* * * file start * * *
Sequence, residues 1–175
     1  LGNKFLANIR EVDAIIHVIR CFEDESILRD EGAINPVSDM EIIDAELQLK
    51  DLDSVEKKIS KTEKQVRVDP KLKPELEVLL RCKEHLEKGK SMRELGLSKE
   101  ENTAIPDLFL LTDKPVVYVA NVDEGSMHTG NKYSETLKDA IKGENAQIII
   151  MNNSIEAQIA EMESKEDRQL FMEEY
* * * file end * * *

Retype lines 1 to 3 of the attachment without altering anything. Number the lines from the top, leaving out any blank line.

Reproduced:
Sequence, residues 1–175
     1  LGNKFLANIR EVDAIIHVIR CFEDESILRD EGAINPVSDM EIIDAELQLK
    51  DLDSVEKKIS KTEKQVRVDP KLKPELEVLL RCKEHLEKGK SMRELGLSKE